At trial, Scott testified: (1) that the DNA samples taken from the murder scene matched Turner's DNA; and (2) that the odds of finding Turner's particular DNA profile are 1 in 42,410,000 in the black population and 1 in 179,700,000 in the white population. The jury convicted Turner of two counts of capital murder.

In the Court of Criminal Appeals, Turner argued that the DNA population frequency statistical evidence had not met the Perry standard of admissibility. The Court of Criminal Appeals, applying the Perry standard, held that the DNA evidence was inadmissible because the State had failed to show that the generally accepted testing techniques that produced the DNA population frequency statistical evidence were properly performed in this case.

I. The Perry Standard

In the 1991 Perry decision, this Court addressed the admissibility of DNA evidence:

"In Alabama, whether novel scientific evidence is admissible is determined normally by using the test established in Frye v. United States, 293 F. 1013 (D.C.Cir.1923). In Frye, a criminal defendant sought to introduce evidence concerning a systolic blood pressure lie detector test. In affirming the trial court's exclusion of the evidence, the court wrote:"
"Just when a scientific principle or discovery crosses the line between the experimental and demonstrable stages is difficult to define. Somewhere in this twilight zone the evidential force of the principle must be recognized, and while courts will go a long way in admitting expert testimony deduced from a well-recognized scientific principle or discovery, the thing from which the deduction is made must be sufficiently established to have gained general acceptance in the particular field in which it belongs."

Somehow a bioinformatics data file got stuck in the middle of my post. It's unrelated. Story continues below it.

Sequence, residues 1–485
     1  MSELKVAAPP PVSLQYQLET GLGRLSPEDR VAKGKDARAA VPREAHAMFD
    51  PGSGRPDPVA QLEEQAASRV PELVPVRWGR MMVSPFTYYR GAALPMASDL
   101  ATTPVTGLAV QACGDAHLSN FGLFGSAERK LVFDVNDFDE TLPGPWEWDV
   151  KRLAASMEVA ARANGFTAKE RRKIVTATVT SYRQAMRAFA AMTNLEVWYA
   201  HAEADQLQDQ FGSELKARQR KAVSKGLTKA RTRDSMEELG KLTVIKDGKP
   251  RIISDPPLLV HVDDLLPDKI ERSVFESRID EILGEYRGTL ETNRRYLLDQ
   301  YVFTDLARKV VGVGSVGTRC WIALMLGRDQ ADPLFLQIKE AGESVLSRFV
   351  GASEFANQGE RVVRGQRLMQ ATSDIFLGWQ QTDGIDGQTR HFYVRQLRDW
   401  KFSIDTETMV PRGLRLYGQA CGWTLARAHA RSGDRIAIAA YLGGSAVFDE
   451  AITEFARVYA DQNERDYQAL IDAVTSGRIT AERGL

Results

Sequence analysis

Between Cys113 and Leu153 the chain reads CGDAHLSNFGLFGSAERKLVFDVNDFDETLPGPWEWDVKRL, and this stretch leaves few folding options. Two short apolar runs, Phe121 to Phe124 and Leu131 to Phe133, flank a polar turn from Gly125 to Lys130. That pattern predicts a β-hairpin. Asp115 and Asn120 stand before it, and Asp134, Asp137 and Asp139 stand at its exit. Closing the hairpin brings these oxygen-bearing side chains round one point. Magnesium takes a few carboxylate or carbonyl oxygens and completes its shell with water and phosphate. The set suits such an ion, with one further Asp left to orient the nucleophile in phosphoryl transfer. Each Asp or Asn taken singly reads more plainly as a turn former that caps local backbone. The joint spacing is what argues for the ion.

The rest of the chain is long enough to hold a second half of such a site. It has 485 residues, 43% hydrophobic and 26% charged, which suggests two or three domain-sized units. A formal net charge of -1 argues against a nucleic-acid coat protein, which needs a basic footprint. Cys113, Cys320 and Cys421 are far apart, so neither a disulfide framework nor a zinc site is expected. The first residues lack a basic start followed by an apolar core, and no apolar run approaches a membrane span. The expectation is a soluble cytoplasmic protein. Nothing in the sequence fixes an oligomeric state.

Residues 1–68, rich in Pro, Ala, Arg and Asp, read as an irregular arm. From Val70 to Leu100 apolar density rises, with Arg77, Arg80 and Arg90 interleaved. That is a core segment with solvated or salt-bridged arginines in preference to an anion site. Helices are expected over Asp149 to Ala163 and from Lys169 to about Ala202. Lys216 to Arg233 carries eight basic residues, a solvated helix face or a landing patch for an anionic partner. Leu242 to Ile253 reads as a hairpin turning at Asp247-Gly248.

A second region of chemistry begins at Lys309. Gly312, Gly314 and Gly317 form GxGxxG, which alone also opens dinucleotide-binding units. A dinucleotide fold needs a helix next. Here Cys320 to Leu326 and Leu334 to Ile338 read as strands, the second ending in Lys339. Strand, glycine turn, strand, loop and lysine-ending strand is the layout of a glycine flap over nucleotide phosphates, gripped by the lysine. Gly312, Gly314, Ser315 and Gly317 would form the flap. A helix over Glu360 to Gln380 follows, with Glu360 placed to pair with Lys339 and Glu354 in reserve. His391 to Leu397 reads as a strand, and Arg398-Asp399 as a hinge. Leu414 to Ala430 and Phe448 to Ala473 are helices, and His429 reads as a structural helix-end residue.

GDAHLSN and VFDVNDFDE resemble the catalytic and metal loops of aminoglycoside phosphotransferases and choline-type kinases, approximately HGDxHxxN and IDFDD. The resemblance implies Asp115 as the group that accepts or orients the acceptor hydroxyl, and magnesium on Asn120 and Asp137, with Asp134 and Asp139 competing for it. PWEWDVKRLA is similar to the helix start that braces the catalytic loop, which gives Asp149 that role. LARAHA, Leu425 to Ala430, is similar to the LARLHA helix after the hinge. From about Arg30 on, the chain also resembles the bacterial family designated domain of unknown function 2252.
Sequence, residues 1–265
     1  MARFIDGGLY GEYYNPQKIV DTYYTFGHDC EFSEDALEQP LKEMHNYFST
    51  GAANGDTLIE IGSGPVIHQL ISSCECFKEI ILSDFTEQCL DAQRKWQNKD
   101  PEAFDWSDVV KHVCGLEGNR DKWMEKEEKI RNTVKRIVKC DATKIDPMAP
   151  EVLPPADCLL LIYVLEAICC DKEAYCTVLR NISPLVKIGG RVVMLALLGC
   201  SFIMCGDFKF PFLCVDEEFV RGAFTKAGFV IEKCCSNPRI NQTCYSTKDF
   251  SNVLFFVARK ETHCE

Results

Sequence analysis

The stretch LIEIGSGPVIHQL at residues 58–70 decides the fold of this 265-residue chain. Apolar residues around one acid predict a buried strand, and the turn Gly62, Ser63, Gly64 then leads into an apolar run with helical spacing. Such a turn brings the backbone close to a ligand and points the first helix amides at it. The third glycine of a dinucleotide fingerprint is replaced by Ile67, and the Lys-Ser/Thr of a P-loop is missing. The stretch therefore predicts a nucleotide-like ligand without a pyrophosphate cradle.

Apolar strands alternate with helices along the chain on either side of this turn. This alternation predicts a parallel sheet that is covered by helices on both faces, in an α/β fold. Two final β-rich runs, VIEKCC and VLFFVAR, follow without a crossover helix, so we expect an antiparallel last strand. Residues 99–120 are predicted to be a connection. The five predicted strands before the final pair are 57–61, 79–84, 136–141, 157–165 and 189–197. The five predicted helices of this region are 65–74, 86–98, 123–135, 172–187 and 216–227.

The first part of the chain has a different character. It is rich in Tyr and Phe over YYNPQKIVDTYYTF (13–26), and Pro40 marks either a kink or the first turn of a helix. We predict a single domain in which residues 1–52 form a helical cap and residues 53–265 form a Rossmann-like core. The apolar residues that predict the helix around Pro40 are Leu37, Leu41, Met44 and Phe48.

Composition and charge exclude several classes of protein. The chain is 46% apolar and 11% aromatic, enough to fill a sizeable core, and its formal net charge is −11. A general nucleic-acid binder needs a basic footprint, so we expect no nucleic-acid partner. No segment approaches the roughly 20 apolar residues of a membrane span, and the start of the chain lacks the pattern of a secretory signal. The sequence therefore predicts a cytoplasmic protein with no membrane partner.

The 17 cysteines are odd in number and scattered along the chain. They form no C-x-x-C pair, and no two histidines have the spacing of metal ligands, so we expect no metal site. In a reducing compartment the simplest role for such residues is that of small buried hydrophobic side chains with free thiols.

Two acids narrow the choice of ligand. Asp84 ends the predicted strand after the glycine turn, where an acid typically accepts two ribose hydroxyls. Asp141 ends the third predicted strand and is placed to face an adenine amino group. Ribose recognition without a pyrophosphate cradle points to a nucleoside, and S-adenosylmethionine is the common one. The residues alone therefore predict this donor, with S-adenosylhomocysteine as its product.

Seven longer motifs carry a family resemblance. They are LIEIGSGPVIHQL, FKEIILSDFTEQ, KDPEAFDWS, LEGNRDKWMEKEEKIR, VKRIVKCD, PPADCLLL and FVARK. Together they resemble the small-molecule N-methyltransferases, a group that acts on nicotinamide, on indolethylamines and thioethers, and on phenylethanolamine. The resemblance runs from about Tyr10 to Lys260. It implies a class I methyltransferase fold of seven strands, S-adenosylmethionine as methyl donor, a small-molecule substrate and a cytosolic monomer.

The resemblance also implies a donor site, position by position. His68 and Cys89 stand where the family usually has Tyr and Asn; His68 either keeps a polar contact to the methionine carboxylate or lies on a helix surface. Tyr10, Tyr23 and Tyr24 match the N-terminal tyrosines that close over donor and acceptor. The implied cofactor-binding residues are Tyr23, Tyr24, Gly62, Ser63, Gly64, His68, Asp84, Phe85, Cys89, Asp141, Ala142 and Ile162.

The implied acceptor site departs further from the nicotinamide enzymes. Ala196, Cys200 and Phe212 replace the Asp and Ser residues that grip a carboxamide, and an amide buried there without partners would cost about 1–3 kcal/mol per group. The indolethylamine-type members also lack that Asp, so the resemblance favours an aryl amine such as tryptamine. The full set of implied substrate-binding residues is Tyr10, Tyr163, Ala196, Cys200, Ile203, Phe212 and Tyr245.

"293 F. at 1014."
"Other courts have discussed what Frye requires to permit the introduction of DNA evidence and whether the Frye requirements should be modified somewhat in relation to the admission of DNA evidence. Cf..... United States v. Two Bulls, 918 F.2d 56 (8th Cir. 1990)...."

Perry, 586 So.2d at 247-48.

This Court noted that in addition to the results of the Frye "general acceptance" test, whether error occurred in the performance of the tests in a particular case also was of legitimate concern:

"`It is the view of this court that given the complexity of the DNA multi-system identification tests and the powerful impact that they may have on a jury, passing muster under Frye alone is insufficient to place this type of evidence before a jury without a preliminary, critical examination of the actual testing procedures performed in a particular case.'"